Coronavirus myths: How to identify which viral posts aren't true

Doctors help ABC News' Diane Macedo break down coronavirus fact versus fiction.
3:52 | 03/26/20

Coming up in the next {{countdown}} {{countdownlbl}}

Coming up next:



Skip to this video now

Now Playing:


Related Extras
Related Videos
Video Transcript
Transcript for Coronavirus myths: How to identify which viral posts aren't true
I think increase on many of us have at home you may be spending more time on FaceBook Twitter and YouTube likely. People on your feet are posting about a corona virus but how do you separate fact from fiction. Are Diane Macedo makes a down ports. They seem how little viral posts bullet advice on how to treat corona virus. How to kill corona virus he even how did test for corona virus and the problem many of them simply aren't true. Like this viral post claiming drinking water every fifteen minutes too long flushed a virus into your stomach where acid will kill it. The truth. So that and it doesn't really and now we get into orbit digest an answer before her arrest the third or another viral post claims specifically drinking warm water and is effective against the virus. I think that people have come up with its top the possibility because there had been some discussion over the virus replicating in Aaron Brooks. Problem but again this virus is a respiratory virus instead of drinking water this post falsely claims go idling with saltwater or vinegar eliminate the virus. Short adds there is. But I've found that people who have sort through switched and BS symptom of the coated batters are fighting that this helps relieve their sort through its. And it that's the case through court. Some on YouTube suggests drinking miracle mineral solution or MMS which the FDA says when prepared as instructed and becomes chlorine dioxide. Chlorine dioxide kills every pathogens every virus including the corona virus but the FDA warns ingesting these products is the same as drinking bleach and has caused serious and potentially life threatening side effects. What if you just want to know if you have the virus one post mentions you must have a dry cough tends no runny nose. But our own Caylee heart Tung who tested positive for the virus explains that's also not true. I really all started when it's a runny nose about a week ago. And that was forty S after I returned from a weeks and Seattle what was notable that he was at. I wasn't having the symptoms that were being so closely associated with trap virus wasn't having any sort of a dry cough I didn't having shortness of breath and I didn't feel any pressure on my chest so. It was easy for me at first I think. This is nothing this is not something to be concerned about. As an emergency provision that these people around him the ball that's a sentence including eight of no diarrhea so this short answer is. Each person will probably have different symptoms typical debate being fired a medium which will probably be. Another post all six planes you're not infected if you can hold your breath for more than ten seconds without coughing. Holy some basins are presenting with a rock would advise people not the whole bit brat on it you find symptoms that are similar to a flu or cold. At this one it signed just assuming you have to nineteen and self isolate yourself. So with so much information out there how to use out of state or our partners at first draft news advise asking yourself how the message makes you feel does it make you wanna buy something like share or subscribe. Does it make you fear or hate someone reward you find it funny or shocking. Each of these conserve as a warning that you may be looking at misinformation. And whenever possible get your in pro forma vetted medical source like the CDC and World Health Organization more than National Institutes of Health. One more thing you can do is check the supposed to source of the information. One of the most we mentioned claims to come from Stanford hospital and if you go to Stanford's basement page. You seeing this message the post did not come from Stanford medicine. So if you have questions about Pope in nineteen go straight to reputable source or ask your doctor and if you're not sure something's true don't chaired Lindsay. Super helpful tips there are thanks to you Diane.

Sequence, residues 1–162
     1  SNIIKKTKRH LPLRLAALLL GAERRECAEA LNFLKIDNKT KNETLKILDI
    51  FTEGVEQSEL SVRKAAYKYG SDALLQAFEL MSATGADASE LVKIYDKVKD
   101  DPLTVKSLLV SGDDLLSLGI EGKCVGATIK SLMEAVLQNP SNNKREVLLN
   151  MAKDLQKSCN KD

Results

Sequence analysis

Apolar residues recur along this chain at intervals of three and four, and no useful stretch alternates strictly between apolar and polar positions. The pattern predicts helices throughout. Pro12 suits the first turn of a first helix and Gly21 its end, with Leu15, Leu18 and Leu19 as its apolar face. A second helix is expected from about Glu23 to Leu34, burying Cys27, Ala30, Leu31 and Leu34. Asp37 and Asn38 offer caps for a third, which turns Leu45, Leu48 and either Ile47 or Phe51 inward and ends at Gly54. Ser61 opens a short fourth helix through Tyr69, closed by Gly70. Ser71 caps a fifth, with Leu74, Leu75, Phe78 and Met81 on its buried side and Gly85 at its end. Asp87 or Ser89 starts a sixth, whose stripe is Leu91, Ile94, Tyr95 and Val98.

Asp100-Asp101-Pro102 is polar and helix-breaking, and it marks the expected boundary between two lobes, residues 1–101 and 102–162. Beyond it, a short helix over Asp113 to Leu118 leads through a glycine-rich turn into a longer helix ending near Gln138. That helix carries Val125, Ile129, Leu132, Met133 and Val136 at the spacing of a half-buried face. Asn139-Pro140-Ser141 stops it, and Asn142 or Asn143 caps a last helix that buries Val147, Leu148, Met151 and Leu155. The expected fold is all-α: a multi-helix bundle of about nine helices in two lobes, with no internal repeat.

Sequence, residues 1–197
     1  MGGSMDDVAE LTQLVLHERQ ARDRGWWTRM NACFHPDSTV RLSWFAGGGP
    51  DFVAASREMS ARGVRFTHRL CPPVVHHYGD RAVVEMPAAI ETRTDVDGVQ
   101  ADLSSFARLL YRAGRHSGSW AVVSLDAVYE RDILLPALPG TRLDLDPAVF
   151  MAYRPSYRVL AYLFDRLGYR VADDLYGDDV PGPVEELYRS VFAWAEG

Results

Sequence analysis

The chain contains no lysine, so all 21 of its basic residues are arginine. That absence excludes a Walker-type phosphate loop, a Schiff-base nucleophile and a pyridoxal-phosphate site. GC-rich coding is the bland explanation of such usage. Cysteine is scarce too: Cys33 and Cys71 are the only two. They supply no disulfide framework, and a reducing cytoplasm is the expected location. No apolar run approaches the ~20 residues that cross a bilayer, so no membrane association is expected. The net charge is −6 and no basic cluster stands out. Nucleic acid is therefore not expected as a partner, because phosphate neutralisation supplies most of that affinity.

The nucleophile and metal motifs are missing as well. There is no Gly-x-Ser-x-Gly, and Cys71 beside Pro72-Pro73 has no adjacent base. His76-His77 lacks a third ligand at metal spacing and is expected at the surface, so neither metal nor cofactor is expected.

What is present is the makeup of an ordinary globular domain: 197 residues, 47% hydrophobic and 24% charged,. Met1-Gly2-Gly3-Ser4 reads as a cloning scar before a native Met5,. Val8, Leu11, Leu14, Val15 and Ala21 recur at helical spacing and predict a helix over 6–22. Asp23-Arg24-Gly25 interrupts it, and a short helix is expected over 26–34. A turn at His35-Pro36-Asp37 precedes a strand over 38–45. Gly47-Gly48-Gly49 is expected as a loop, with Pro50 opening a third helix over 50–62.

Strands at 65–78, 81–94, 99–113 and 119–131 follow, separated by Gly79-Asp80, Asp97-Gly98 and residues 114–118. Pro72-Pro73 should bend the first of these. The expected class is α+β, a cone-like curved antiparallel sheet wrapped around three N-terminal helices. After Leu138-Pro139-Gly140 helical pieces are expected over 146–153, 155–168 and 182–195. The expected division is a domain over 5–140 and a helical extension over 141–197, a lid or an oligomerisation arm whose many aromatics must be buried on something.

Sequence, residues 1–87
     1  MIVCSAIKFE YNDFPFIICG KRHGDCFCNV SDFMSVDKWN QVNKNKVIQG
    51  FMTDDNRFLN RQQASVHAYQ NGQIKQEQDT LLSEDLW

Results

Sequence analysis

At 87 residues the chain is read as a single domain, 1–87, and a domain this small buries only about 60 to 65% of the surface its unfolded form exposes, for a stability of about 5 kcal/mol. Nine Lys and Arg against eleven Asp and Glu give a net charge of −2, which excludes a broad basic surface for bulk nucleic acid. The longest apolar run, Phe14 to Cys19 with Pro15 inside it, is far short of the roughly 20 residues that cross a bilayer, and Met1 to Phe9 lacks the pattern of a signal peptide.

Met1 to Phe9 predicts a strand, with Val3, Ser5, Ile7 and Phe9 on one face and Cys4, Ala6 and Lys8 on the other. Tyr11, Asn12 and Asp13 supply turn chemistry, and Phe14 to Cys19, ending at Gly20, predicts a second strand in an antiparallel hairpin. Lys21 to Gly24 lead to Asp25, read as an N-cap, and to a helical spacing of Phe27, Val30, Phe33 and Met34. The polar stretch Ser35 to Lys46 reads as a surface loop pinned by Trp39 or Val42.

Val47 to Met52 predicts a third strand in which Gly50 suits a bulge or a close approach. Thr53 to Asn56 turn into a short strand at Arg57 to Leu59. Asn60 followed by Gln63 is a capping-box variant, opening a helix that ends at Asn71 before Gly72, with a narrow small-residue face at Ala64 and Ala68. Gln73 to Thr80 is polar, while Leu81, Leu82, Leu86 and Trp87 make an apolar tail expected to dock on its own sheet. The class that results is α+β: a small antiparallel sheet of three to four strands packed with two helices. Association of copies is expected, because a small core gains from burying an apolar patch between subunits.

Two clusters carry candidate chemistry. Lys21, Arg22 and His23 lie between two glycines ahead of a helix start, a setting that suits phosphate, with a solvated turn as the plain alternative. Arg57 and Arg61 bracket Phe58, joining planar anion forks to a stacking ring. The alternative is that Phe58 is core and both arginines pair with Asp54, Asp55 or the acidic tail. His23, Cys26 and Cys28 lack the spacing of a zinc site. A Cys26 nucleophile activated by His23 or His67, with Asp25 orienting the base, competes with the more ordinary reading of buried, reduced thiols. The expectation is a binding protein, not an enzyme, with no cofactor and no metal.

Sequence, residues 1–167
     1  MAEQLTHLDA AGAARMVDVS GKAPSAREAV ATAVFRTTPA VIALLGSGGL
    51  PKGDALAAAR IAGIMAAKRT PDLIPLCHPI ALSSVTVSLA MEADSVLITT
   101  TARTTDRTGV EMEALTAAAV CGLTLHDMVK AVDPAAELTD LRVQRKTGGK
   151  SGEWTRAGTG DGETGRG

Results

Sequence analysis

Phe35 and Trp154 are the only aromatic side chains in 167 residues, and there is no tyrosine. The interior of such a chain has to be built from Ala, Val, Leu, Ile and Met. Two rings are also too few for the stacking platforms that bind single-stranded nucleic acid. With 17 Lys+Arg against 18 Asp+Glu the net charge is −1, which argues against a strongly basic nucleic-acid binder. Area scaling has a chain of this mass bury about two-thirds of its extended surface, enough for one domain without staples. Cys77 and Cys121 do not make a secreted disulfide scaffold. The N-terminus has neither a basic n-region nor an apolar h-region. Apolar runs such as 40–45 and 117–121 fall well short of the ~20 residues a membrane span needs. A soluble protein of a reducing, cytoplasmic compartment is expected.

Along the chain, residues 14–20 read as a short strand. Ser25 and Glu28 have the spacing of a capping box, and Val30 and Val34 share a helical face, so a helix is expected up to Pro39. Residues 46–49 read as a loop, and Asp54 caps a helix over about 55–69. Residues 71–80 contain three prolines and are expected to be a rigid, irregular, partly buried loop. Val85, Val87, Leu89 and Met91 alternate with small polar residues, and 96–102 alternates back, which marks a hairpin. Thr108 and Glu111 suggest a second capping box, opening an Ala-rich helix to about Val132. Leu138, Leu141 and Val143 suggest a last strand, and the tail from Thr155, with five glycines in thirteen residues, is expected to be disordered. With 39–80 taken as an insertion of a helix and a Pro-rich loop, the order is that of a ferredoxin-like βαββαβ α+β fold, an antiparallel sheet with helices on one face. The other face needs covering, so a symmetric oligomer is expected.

This transcript has been automatically generated and may not be 100% accurate.

{"duration":"3:52","description":"Doctors help ABC News' Diane Macedo break down coronavirus fact versus fiction.","mediaType":"default","section":"ABCNews/Health","id":"69804953","title":"Coronavirus myths: How to identify which viral posts aren't true","url":"/Health/video/coronavirus-myths-identify-viral-posts-true-69804953"}